Online Lab Classes: How are Science Majors Coping?

June 14, 2021 by Qirrat Ahmad

2021 1 qirrat ahmad article 2

Since the Spring 2020 semester, all classes, including practical laboratory classes, have been conducted online due to the COVID-19 pandemic. As such, science majors have had to adapt to obtaining scientific skills from “practical” experiments online. Understandably, students feel cheated out of a genuine learning experience and fear that a lack of hands-on experience will negatively affect their academic performance in the future. Moreover, online lab classes have been immensely challenging for all science majors due to a lack of readily available help, a lack of pertinent information needed to complete lab reports, and a general lack of tangible learning.

As soon as the full force of the pandemic hit South Korea, Yonsei University converted all of its classes online, including its lab courses. To the students’ dismay, the quality of the lab classes has not improved since last year. The basic format of the labs is as follows: online videos, an instruction manual, and a lab report. Students are to watch online videos where the professor performs a given experiment. The instruction manual appears as a PowerPoint Presentation, a few pages at the beginning of the lab report, or a separate document altogether. The structure of the lab report depends on the class and lab instructor. Often, the students merely need to answer the questions assigned by the professor, but in other cases, students have to write the entire report themselves based on the provided video explaining the experiment. Just as the structure of the online lab classes has not changed over the past three online semesters, the quality of the online teaching has not progressed either.

According to Dongha Choi, a 20.5 Life Science and Biotechnology major, he “feel[s] as if the lab assignments are sometimes prepared incompletely.” He recounted an incident from last semester in one of his lab classes where the information provided in the pre-recorded videos did not correspond to that of the PowerPoint. Consequently, he struggled in answering the lab report questions since the given information was contradictory. He remarked that problems like these were common and continue to exist in the current semester as well.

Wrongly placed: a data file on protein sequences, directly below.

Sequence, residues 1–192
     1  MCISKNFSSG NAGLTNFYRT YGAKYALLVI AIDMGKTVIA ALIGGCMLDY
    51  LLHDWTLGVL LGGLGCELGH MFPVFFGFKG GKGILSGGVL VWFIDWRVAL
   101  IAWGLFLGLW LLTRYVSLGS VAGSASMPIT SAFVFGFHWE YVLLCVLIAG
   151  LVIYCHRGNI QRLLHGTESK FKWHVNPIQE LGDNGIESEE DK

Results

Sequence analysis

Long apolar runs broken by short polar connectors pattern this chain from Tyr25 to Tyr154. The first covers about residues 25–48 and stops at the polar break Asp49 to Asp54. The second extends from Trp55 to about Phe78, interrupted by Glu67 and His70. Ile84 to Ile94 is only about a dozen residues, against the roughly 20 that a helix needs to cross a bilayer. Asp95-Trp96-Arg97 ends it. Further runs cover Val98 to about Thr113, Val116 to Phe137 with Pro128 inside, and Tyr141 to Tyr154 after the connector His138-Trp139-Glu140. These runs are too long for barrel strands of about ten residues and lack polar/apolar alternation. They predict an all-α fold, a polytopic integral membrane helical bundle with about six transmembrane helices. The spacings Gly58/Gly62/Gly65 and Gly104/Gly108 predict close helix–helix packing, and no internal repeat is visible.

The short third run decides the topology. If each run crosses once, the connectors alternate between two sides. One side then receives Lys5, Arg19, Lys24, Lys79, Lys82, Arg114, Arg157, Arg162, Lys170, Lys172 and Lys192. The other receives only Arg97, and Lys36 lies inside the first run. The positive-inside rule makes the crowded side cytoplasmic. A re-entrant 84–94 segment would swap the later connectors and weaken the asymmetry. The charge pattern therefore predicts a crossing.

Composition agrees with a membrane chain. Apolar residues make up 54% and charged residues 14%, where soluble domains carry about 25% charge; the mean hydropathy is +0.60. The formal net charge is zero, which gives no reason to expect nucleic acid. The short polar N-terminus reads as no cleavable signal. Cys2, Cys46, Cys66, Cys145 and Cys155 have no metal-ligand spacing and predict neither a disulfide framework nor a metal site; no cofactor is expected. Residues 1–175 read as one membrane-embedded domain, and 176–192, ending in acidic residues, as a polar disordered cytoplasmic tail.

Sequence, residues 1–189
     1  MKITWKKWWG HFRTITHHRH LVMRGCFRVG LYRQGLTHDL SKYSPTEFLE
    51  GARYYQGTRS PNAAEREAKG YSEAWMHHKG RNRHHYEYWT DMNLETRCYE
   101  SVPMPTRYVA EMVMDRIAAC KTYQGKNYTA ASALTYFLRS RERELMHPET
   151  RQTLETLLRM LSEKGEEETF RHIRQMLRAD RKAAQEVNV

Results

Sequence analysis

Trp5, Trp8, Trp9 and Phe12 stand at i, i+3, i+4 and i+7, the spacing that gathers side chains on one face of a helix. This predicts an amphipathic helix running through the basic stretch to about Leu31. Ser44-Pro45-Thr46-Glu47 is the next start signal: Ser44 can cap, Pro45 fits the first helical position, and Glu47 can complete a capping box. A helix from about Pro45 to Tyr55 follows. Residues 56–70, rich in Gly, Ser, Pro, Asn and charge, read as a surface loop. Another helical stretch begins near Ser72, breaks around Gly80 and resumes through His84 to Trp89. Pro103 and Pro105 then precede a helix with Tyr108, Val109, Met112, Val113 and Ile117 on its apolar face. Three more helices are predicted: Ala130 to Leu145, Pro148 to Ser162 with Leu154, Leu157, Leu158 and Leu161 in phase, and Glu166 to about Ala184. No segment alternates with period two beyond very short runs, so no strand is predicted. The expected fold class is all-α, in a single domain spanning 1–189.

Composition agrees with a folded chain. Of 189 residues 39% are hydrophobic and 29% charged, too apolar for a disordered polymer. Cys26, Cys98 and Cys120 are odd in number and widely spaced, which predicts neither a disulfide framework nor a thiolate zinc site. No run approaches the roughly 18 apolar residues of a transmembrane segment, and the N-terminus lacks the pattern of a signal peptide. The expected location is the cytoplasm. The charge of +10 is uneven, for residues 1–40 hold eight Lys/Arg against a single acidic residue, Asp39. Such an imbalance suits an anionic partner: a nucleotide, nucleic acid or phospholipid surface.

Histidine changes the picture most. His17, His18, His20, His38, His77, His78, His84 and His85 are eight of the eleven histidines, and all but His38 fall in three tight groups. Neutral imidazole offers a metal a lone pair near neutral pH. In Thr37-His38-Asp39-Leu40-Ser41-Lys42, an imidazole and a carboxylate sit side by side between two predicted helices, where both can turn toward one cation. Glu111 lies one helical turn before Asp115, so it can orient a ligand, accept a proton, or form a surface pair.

Choi also believes that online labs do not provide students all the necessary information to complete the assignments satisfactorily. While being independent and proactive are quintessential qualities for college students, the answers to some of the questions are too advanced or specific to find online. Furthermore, although Choi believes that it is justifiable to adhere to non-face-to-face lab amidst the pandemic, he alleges that there remains a “general lack of learning.” The absence of a face-to-face environment allows science majors to evade the tedious process of collecting their own results. There is, however, an unmistakable difference in information retainment when it comes to doing the experiment firsthand and observing someone else do it. Choi “feel[s] as if [he] would have learned more if [he] did the experiments with [his] own hands.”

In response to the students’ reception of online labs, Yonsei’s President Seoung Hwan Suh recently announced plans to convert lab classes partially offline for the upcoming fall semester. According to the announcement, courses with less than 50 students at the Sinchon campus can meet face-to-face once a week as long as the lab rooms can accommodate up to 100 students. To be fair to students that cannot attend these face-to-face classes due to being overseas or not residing near campus, recordings of the lab experiments and alternative examination options will be available. However, lab classes will differ at the Songdo campus. At the International Campus, courses with a lab component will run as either blended or completely online, but Yonsei has yet to clarify how small the class needs to be to permit face-to-face labs.

For the past three semesters, science majors have been struggling to acquire the necessary skills for their future classes and careers. While some students are optimistic about returning to face-to-face classes soon, the reality depends on government regulations, which can change at any moment. And although Yonsei has stated that there will be blended lab classes next semester, this change is not guaranteed in any way as the COVID cases continue to rise.

The UIC Scribe was founded in 2006 as the official student-run newsmagazine of Underwood International College. It celebrates diversity of thinking, excellence in writing, and the freedom of self-expression.